Among the first to see the emotional possibilities of electronic music, Tangerine Dream crafted the holy music of the future.
Nothing about Tangerine Dream is ever concise. The kings of the Berlin School of kosmische musik at the dawn of the ‘70s, Tangerine Dream specialized in side-length knob-twiddling, eschewing the jams of Düsseldorf colleagues like Can and Neu! for the quasi-spiritual properties of electronic instruments’ capacity to sustain minimal variation. This approach lends itself to recording without much of a plan or much need to endlessly revise, which may explain why the group’s discography stretches well past 100 releases of records that could easily be dismissed as the same batch of barely shaped New Age noise.
But to see Tangerine Dream in this way would miss the enduring elegance of their best work. Among the first to see the emotional possibilities of electronic music beyond the compositional and mechanical theories, Tangerine Dream crafted the holy music of the future, chiming warbles and peaceful waves of sonic bliss that offered a counterpoint to the harsher noise of the technological age. Their most widely celebrated period involved their work as one of the early signees of Virgin Records, and the first half of the band’s tenure under the label has been given souped-up new life in the form of In Search of Hades, the latest work of restoration and preservation by Steven Wilson, prog’s greatest curator. By far Wilson’s most ambitious remastering job, the box set covers 16 staggering discs of Edgar Froese and Co.’s sublime whirring, not only on seminal albums but a number of live recordings and even a previously unreleased soundtrack.
Of the studio albums, not much needs to be said. Nearly all of the official LPs within are classics, starting with Phaedra, widely-accepted as Tangerine Dream’s masterpiece. The opening title track lays out all the strengths of the group and none of the filler, 18 minutes of alternately elegant and surprisingly nervy synths that lay down the blueprint for futuristic thriller scores with the percolating main synth set against ominous moaning and chirping diagnostic beeps. The album’s second side separates out these ambient and propulsive elements and further sharpens each aspect of the band’s sound. Rubycon, a single track split to fit on sides of vinyl, manages to combine medieval classical music (synths mimic the sound of a men’s choir), analog approximations of animal sound and the group’s pioneering nighttime chase music into one baffling fantasia. Stratosfear is synthetic pastoral, while Force Majeure hints at the cheesy sound the band would frequently display in the ‘80s but also sounds about five years ahead of the game on 8-bit music.
These are great albums, and they sound absolutely pristine as remixed and remastered by Wilson, who by now has perfected his ability to bring out all the subtle aspects of even the densest compositions while respecting the original balance of instruments and without lapsing into the aggressive compression common to remastering. Each album comes with considerable bonus material, from single edits to b-sides. The greatest extra, though, is the presence of Oedipus Tyrannus, the score of the BBC film of the same name. More abstract and unnerving than even many of the group’s own later scores, Oedipus Tyrannus is the sound of water dripping into a cave lake, of bitter winds howling on the moors, though it can also pivot into neo-baroque court music.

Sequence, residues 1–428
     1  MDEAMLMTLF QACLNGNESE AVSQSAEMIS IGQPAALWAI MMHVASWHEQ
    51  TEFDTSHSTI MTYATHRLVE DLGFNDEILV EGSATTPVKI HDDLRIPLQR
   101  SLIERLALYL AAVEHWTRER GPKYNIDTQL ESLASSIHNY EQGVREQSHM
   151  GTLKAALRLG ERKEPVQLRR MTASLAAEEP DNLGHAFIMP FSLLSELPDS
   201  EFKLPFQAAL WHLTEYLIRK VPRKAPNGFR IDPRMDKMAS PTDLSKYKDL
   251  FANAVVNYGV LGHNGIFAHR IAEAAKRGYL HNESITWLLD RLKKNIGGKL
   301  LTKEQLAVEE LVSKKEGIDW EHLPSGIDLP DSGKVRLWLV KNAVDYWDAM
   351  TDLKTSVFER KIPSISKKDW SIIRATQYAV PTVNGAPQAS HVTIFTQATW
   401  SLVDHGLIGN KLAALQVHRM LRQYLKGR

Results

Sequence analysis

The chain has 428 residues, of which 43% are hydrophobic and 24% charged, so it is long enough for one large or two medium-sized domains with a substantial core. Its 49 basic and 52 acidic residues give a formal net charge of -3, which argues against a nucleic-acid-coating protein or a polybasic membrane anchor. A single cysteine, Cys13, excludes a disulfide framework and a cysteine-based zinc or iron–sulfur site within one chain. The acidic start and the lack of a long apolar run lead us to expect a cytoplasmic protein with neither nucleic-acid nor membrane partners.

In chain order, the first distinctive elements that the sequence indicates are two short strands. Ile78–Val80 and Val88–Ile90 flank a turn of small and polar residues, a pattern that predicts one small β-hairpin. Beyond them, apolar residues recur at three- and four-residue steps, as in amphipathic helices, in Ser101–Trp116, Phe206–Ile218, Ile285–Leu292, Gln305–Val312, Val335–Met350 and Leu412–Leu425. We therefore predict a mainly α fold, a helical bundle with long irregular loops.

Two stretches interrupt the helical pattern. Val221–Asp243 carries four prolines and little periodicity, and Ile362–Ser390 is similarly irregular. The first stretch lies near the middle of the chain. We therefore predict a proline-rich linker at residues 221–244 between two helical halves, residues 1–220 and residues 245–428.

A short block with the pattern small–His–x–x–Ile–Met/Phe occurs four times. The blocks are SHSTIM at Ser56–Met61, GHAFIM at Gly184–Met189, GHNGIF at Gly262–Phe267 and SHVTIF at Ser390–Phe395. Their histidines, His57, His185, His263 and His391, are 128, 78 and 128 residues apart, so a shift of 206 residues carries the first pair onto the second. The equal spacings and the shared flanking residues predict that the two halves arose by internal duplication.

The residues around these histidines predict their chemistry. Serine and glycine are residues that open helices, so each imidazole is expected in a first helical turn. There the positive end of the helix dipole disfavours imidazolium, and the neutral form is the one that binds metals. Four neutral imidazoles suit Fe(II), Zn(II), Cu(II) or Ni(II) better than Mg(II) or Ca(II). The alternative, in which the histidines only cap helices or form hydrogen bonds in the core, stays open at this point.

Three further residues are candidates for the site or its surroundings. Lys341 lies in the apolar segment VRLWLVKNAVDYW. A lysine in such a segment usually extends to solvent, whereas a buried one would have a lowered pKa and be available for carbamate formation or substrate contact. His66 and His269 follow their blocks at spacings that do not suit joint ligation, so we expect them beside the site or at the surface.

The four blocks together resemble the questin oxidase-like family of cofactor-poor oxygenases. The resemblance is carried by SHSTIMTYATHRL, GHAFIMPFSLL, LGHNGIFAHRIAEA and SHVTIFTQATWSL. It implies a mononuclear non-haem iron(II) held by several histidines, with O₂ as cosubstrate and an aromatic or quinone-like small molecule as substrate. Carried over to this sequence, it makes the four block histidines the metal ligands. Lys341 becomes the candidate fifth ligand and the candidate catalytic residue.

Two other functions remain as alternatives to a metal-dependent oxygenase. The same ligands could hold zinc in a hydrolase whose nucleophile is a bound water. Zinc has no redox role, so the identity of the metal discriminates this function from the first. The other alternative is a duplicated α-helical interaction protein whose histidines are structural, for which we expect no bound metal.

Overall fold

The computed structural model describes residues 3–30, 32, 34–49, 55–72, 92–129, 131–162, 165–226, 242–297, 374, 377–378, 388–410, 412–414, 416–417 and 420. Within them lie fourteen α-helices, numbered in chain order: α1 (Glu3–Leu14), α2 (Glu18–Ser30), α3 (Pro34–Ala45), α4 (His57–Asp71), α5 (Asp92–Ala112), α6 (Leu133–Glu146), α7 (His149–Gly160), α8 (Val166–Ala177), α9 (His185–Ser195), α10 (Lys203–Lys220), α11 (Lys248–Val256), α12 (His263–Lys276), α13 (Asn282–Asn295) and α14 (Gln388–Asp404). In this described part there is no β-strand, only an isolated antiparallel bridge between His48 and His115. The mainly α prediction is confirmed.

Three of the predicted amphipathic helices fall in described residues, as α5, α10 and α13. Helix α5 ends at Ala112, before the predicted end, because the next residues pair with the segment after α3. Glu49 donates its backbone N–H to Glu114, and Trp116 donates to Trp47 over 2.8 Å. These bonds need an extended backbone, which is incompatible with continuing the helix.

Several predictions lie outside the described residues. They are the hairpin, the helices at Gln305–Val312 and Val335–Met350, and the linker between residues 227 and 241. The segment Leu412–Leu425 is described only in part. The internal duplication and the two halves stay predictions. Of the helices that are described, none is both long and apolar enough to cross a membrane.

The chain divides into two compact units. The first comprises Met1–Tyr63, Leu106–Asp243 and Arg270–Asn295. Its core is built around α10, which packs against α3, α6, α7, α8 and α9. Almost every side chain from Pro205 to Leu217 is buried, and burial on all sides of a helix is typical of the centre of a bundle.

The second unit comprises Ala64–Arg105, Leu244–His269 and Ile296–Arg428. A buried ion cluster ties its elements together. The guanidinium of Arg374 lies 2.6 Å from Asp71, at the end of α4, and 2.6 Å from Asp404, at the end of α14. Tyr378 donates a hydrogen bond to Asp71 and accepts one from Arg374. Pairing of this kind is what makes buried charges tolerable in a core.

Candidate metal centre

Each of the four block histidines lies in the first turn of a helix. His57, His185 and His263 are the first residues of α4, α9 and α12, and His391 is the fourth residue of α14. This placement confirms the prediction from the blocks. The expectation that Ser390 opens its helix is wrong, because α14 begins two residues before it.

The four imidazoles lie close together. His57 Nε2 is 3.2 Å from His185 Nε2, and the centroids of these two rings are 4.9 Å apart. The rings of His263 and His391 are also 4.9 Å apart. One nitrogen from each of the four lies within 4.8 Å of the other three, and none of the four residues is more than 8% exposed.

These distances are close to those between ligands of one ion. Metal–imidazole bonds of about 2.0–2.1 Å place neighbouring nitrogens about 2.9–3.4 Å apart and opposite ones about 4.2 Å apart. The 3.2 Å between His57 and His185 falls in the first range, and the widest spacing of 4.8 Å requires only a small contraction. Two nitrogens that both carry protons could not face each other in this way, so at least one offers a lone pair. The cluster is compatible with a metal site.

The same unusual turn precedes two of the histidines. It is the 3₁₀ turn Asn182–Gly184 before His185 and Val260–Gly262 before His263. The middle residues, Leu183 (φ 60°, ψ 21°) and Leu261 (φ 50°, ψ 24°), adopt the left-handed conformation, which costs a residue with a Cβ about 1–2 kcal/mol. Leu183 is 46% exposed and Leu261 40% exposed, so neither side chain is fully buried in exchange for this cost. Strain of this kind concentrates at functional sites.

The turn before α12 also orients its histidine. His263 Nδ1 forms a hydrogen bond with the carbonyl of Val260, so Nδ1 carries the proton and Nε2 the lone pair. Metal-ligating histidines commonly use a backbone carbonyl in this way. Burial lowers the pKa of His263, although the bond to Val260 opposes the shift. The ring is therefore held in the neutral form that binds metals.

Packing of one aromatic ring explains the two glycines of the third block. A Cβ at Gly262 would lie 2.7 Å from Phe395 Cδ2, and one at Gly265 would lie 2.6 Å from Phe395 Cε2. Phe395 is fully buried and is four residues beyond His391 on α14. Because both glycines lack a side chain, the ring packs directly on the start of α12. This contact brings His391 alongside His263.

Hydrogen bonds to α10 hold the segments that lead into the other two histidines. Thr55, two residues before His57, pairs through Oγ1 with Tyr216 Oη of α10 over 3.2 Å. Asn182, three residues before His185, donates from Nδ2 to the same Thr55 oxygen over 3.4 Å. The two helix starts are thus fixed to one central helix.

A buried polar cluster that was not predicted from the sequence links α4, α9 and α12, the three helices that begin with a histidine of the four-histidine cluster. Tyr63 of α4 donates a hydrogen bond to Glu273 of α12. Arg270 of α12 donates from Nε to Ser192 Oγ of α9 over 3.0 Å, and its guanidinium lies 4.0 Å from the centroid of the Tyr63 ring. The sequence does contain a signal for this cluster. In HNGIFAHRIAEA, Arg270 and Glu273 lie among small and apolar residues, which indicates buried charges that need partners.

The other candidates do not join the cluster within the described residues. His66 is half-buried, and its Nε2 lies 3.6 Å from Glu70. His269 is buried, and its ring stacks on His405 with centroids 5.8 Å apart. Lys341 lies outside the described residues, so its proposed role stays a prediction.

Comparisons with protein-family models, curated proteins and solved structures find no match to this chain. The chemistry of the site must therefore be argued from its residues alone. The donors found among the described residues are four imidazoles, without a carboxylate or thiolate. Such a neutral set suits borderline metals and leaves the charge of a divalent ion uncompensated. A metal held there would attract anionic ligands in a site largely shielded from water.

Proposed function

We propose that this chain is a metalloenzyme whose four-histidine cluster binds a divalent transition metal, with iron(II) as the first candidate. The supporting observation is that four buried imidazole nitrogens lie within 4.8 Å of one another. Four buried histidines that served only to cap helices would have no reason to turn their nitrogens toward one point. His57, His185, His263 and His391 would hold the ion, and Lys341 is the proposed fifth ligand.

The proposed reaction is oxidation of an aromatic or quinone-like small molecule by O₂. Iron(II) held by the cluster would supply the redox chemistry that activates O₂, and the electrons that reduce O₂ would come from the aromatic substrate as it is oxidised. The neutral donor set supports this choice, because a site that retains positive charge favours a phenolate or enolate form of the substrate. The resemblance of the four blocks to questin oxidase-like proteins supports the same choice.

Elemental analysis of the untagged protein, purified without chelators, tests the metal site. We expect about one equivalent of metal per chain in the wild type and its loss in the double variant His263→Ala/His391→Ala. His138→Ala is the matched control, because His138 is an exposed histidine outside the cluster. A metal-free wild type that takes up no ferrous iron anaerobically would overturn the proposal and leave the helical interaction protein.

Also taking up considerable room in the box set are a number of live sets. Some, like Ricochet and Encore, are established live albums that are part of the Tangerine Dream canon. But others just give testimony to how formidable and crucial a live act the group was and remains, with their improvisational, wandering style ideally suited to the unpredictability of the stage. Many of the live tracks do not even have names, instead titled after the venues and dates of the performances as the group drifts through lilting pastoral, squelching cosmic odyssey and twitchy cyberthriller in real time, flowing even more imperceptibly between styles than they did in the studio. The heavily bootlegged 1974 “Rainbow Concert,” included here with professional mixing and crisp sound quality, is an especially arresting demonstration of this fluidity on-stage, and it may well stand as the new definitive Tangerine Dream live document.
Make no mistake, 16 discs of material is a tall order, and no one is sitting around for the full day it would take to listen to everything at once. But ironically, having so much Tangerine Dream lumped together into one giant soup of analog synthesizers makes it easier than ever to spot the distinctiveness of their loose songwriting, and to appreciate all the more just how much space they could explore in their sound. Steven Wilson, such an accomplished musician in his own right and arguably at the height of his own powers right now, may go down as even more important to the preservation of progressive music than as a contributor to its ongoing canon. His remastering work here maintains his exceptional bar of quality, and Universal’s sprawling, loving vault raid is the definitive package to date of one of the foundational bands of electronic music.